The National Society of the Sons of the American Revolution (SAR) invites all high school students (9th through 12th grades) interested in the American Revolution to participate in the George S. & Stella M. Knight Essay Contest. The contest is open to all students attending home schools, public, parochial, or private high schools in that same grade range.
1.) Showing before telling gives your reader a chance to interpret the meaning of your images before you do. Why is this good? It provides a little suspense. Also, it engages the reader’s imagination. Take another look at the images in the second to last paragraph: my college diploma... a miniature map with numerous red stickers pinpointing locations all over the world... frames and borders without photographs... (Note that it's all "show.")
In study after study, patients have reported dissatisfaction with their medical care, not because of lack of knowledge or health outcome, but because their doctors did not show enough warmth in the encounter or listen to the patient’s questions and concerns. There are few times where a patient and their loved ones are more vulnerable and in need of compassion than when dealing with a hospitalization. And for some doctors, a patient may be another item on a checklist, but that patient is someone’s mother or father, son or daughter, sister or brother. My “good” doctor understood this and would often say “If you were my son…” when discussing treatment options, reflecting on the type of care he would want for his family and treating me similarly. Such ideals are rooted in love and compassion for patients, not as clients in the health care system, but as fellow human beings striving to make something of themselves and the world around them (I).
6. Be vivid. A good essay is often compared to a story: In many cases it's an anecdote of an important moment. Provide some details to help the reader see the setting. Use the names (or invent them) for the other people in the story, including your brother, teacher, or coach. This makes it all more human and humane. It also shows the reader that you are thinking about his or her appreciation of your writing, which is something you'll surely want to do.
As a psychobiology major, I hope to continue building a strong, fundamental understanding of the mental aspects of human well-being to complement with a growing knowledge of the physical aspects involved in bodily development. While learning, I plan to integrate and enhance an expanding grasp of psychological concepts within my volunteer and extracurricular activities, as I find new organizations and clubs that allow me to teach children and gain further insight into how psychological ideas can impact the health of a child.
You may have heard the phrase “holistic” admissions thrown around—many universities follow this model, which means they don’t necessarily have an ACT or SAT cutoff score, nor do they require a certain number of AP/IB/Honors courses. Instead, they’re trying to get to know candidates as humans. Admissions officers are people—people who would be horribly bored if their job came down just to numbers, statistics, cutoffs, and counting up your AP and SAT and ACT scores.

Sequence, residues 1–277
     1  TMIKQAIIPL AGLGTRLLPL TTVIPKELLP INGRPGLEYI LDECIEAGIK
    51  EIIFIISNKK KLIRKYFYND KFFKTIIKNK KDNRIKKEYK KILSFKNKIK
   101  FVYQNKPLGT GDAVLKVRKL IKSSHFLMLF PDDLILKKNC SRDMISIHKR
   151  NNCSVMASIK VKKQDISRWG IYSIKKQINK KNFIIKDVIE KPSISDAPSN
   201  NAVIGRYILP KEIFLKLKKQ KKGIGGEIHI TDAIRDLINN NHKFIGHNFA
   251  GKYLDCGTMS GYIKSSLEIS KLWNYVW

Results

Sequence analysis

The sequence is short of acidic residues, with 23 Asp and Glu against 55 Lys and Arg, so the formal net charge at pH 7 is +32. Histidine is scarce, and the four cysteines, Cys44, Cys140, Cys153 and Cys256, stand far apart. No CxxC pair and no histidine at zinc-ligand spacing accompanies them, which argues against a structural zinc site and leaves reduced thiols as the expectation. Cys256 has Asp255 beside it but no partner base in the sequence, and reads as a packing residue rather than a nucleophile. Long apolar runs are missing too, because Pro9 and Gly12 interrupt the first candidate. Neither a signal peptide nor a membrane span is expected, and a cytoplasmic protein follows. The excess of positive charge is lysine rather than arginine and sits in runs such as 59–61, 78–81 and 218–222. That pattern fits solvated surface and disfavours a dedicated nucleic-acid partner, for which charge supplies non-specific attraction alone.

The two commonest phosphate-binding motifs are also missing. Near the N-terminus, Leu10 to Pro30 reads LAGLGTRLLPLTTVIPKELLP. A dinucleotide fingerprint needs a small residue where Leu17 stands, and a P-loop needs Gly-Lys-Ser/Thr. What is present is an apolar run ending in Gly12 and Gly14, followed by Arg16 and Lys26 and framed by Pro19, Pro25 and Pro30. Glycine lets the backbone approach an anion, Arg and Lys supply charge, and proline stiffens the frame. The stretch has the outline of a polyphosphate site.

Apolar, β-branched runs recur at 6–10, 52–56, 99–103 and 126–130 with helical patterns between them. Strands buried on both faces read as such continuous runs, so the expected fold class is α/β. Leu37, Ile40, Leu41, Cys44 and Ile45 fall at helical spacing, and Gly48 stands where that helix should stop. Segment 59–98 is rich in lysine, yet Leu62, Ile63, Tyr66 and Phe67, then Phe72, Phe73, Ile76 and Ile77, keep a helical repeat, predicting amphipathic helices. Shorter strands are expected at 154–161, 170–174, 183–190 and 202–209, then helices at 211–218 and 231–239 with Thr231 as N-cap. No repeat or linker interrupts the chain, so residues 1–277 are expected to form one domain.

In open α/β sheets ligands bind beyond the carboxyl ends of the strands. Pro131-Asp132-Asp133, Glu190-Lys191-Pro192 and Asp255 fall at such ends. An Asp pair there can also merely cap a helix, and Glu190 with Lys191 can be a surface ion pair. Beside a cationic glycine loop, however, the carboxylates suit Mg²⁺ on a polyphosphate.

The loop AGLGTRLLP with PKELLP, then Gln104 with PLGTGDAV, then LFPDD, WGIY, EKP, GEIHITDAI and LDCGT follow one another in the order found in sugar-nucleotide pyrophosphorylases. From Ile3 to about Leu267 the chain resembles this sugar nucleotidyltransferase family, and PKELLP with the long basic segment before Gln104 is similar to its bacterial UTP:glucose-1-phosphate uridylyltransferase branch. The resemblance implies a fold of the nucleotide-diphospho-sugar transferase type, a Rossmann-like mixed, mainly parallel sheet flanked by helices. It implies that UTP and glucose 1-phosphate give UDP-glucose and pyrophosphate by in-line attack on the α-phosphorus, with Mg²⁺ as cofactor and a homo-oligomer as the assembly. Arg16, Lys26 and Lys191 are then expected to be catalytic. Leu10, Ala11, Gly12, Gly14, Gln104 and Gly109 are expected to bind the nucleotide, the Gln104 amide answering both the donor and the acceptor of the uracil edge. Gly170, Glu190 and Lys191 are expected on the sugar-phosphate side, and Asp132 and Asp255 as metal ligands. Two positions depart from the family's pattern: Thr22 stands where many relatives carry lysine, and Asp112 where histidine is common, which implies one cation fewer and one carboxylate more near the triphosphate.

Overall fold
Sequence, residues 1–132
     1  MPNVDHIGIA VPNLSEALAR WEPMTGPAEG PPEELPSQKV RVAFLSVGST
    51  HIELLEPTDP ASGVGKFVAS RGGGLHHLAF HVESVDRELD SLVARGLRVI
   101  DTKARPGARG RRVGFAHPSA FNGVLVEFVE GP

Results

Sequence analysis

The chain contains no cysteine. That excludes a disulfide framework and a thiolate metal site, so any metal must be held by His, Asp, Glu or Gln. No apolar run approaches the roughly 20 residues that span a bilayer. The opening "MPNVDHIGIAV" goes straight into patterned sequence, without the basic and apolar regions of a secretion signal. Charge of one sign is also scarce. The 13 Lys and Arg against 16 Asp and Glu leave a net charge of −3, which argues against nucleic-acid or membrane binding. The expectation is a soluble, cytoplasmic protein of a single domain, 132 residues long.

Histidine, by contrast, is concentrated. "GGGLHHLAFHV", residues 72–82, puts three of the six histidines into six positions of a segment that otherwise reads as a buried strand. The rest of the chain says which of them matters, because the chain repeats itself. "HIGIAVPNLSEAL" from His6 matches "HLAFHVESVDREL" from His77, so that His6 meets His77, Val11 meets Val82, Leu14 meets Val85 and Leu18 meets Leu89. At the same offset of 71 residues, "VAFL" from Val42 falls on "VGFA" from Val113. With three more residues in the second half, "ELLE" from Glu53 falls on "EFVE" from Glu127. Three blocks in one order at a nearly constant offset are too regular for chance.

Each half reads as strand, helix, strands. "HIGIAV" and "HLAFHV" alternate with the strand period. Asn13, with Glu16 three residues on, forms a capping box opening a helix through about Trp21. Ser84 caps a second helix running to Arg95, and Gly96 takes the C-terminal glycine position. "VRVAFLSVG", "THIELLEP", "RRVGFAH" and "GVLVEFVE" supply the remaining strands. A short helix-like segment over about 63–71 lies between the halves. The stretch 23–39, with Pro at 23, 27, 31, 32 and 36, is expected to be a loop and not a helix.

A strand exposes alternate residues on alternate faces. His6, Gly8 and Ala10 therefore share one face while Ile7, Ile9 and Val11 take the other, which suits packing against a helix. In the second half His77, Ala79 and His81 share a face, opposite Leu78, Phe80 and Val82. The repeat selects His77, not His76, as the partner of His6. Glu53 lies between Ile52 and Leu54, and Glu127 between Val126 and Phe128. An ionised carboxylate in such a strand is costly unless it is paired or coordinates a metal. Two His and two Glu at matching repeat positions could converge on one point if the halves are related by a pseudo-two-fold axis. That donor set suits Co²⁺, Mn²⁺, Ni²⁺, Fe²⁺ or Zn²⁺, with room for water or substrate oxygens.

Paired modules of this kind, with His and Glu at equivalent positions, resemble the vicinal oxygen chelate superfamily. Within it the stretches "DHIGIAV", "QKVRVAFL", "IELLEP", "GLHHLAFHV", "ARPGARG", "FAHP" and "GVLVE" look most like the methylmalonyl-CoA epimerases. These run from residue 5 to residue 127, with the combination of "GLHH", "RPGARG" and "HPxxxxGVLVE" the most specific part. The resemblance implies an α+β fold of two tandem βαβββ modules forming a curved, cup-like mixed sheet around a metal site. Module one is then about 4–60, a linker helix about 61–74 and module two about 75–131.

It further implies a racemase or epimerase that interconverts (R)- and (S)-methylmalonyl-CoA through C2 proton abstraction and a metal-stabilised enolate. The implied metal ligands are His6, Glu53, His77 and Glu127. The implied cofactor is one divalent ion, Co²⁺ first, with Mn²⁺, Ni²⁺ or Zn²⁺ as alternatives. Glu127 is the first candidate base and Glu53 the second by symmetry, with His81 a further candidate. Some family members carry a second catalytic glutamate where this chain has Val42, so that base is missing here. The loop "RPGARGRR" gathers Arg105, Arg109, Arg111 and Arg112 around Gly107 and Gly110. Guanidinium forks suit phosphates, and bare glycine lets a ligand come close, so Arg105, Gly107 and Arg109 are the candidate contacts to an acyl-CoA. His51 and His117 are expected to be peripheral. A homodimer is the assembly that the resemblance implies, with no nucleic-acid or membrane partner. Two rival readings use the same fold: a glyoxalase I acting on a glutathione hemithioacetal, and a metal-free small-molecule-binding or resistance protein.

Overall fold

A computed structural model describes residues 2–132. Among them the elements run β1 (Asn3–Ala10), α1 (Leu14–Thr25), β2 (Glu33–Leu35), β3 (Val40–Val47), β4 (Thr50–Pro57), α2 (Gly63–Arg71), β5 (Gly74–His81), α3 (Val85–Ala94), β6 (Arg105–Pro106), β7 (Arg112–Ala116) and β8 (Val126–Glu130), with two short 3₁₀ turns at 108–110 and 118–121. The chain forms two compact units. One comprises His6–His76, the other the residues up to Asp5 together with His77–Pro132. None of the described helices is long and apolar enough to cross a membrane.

In addition to the essay included with the Common Application and as part of Villanova’s Member Section of the Common Application, Villanova requires that you submit one Villanova Essay (of 250-1000 words per the Common Application guidelines) from the three choices below. This essay is an important part of your application as it provides us with an opportunity to gain more insights into your candidacy.
Verbs jump, dance, fall, fail us. Nouns ground us, name me, define you. “We are the limits of our language.” Love your words, feed them, let them grow. Teach them well and they will teach you too. Let them play, sing, or sob outside of yourself. Give them as a gift to others. Try the imperative, think about your future tense, when you would have looked back to the imperfect that defines us and awaits us. Define, Describe, Dare. Have fun.
Just before 5 pm on Sunday, October 13, 2013, I was sitting in a bar, holding on to a feeling of optimism that was fading fast. But wait—it’s not what you think. I didn’t turn to drink—I turned to the TV screen. The score was 27-23, and the Patriots had missed too many opportunities. With just over a minute left to play, my dad—the man responsible for bringing me, a 15-year-old, to a bar—dejectedly asked me if we should leave. I reminded him a true sports fan never gives up on her team, no matter the situation. And after a miracle of a drive finished with an unforgettable pass into the corner of the endzone by my idol, Tom Brady, a swell of elated cheering and high-fiving from the fans in the bar ensued regardless of whether we had previously known one another. Loyalty brought us all together.
2. Tension, conflict, and opportunity to show growth. Josh might write a lovely reflection on how close he and his brother were, or how much he likes his little sister—but that doesn’t give the admissions committee much to work with. Why? Because your topic needs to display your ability to grow, to show change over a period of time. If Josh has always had a perfect relationship with his sister, well—first, no one will believe that!, and second, Josh is not really telling a story. So as you’re identifying the right anecdote for your essay, make sure you have a point of tension—a point where we, the reader, wonder if everything will turn out okay. For J, this might mean beginning with a time before he and his sister were close—say, when all the siblings were in the house and there wasn’t much time for the two to connect. Then Josh would tell us about what changed as soon as the brother left, and in there he might find an opening anecdote.
Before you begin to write, brainstorm some ideas. Most likely, the university gave you a prompt or a choice of prompts to write about. Take your time to carefully consider each prompt. If you feel yourself drawn to a particular prompt, think about why you’re being drawn to it. Reflect on your life to find any personal anecdotes that work well with that prompt.